Burnet has no choice but to come to conclude that the waters didn’t have to cover the mountains because prior to the Deluge, there were no mountains. Instead, “the Earth before the Deluge was of a different frame and form from the present Earth…. the face of the Earth before the Deluge was smoother, regular and uniform; without Mountains, and without a Sea.” (Book I, Chapter IV, page 32; Chapter V, page 51) The hard surface of the earth enclosed a body of water around the earth’s core. This paradisiacal earth has no tilt to it axis, guaranteeing an eternal spring. But after over sixteen centuries of constant sunshine, part of the crust dried up and collapsed; “the frame of the Earth broke and fell down into the Great Abysse,” (Book I, Chapter VI, page 68) letting loose the flood waters. Because the globe is smooth and featureless, the waters of the Deluge easily cover the surface, but in the process tear it apart into mountains and seas, knocking the rotational axis the earth askew, and leaving the remnants in a massive ruin.

We must therefore be impartial where the Truth requires it, and describe the Earth as it is really in it self; and though it be handsome and regular enough to the eye in certain parts of it, single tracts and single Regions; yet if we consider the whole surface of it, or the whole Exteriour Region, ‘tis as a broken and confus’d heap of bodies, plac’d in no order to one another, nor with any correspondency or regularity of parts: And such a body as the Moon appears to us, when ‘tis look’d upon with a good Glass, rude and ragged; as it is also represented in the modern Maps of the Moon; such a thing would the Earth appear if it was seen from the Moon. They are both in my judgment the image or picture of a great Ruine, and have the true aspect of a World lying in its rubbish. (Book I, Chapter IX, page 110)

The familiar earth is returned to its pre-Deluge state following the fires of the Conflagration. This is again triggered by a preordained natural cause, such as the earth getting too close to the sun, and concludes in the second coming of the Savior, who reigns over the New Earth for a thousand years, at which time the earth becomes a star.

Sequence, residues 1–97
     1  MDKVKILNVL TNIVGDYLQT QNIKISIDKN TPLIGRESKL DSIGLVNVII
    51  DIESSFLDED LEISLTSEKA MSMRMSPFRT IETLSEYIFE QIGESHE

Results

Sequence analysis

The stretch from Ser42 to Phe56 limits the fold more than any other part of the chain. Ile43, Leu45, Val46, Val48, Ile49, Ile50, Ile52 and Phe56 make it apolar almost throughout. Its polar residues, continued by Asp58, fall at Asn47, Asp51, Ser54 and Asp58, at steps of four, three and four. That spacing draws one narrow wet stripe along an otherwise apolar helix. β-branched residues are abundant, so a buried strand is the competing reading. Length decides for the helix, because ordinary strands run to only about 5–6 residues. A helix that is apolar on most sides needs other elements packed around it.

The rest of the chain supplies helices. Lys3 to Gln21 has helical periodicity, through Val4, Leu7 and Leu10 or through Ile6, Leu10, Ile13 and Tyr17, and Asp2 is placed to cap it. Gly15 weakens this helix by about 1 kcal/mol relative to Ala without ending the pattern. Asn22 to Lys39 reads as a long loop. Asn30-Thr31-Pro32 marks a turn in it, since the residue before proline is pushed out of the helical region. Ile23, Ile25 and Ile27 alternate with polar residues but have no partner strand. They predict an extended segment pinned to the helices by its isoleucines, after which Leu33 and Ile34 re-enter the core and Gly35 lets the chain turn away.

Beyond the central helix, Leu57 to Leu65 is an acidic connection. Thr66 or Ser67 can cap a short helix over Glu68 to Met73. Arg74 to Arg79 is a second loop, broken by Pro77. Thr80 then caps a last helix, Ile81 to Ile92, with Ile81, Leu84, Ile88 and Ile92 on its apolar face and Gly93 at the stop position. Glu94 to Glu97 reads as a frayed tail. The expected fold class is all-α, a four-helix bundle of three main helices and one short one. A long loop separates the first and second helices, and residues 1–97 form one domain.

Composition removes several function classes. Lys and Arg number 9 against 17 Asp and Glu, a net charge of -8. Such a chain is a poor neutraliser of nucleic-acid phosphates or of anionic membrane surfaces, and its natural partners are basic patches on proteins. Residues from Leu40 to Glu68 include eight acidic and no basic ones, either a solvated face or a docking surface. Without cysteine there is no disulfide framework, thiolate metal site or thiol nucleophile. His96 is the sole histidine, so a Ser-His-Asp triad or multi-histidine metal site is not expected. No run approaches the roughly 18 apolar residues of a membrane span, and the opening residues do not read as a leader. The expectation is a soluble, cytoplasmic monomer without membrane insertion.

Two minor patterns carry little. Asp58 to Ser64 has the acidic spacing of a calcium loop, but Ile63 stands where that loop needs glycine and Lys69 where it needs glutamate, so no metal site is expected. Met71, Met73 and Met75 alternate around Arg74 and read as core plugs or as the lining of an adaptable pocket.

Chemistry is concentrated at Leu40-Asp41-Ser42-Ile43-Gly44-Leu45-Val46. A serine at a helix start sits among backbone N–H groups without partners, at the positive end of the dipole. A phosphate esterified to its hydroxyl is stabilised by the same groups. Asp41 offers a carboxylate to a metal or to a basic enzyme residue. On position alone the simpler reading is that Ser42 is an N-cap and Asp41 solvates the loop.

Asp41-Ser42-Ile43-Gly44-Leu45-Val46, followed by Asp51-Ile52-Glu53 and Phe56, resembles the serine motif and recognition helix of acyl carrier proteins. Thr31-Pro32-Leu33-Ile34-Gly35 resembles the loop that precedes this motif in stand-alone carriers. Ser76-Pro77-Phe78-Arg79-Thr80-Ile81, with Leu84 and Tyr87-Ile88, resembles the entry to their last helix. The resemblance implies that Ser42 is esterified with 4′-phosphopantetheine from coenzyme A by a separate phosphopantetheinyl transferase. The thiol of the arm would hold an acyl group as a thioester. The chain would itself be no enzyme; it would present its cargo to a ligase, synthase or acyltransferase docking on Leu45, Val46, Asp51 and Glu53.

Burnet’s conception of this “great Ruine” influenced for decades how the English viewed the great mountains of Europe. As Marjorie Hope Nicholson describes in her book Mountain Gloom and Mountain Glory, these towering objects were seen not as majestic peaks but as ruins of a once pristine and perfect earth. They were not considered beautiful as such, but instead sublime.

What’s glaringly missing from Burnet’s theory of the earth is an account of the six days of Creation. He devotes the entire second book of Theory of the Earth to describing the Paradise that existed prior the Deluge, but not the familiar part of the story in which the world is assembled.

In 1692, Burnet revealed the reason for this omission and in the process committed professional suicide. His Latin book Archæologiæ Philosophicæ: Sive Doctrina Antiqua de Rerum Originibus (“The Ancient Doctrine Concerning the Originals of Things”) assembled Creation stories from ancient Assyrian, Babylonian, Persian, Arab, and Jewish cultures, and from the ancient Greeks, including Pythagoras, Plato, Aristotle, and Epicurus. But it was the last four chapters of the book on Genesis that caught people’s attentions.

Like others before him, Burnet contends that the descriptions in Genesis are not intended for modern natural philosophers who know about the strides made by Copernicus and Galileo and Newton. They were instead intended for the common people — the “vulgar” in the language of the times.

The problem with Archæologiæ Philosophicæ is not so much the idea that the six days might be a simplification, but the glee that Burnet takes in demolishing passages of Genesis — even fabricating a ridiculous dialogue between Eve and the Serpent — and cumulatively putting the Genesis narrative of Creation into such doubt as to question the validity of the entire account as well as the concept of Original Sin.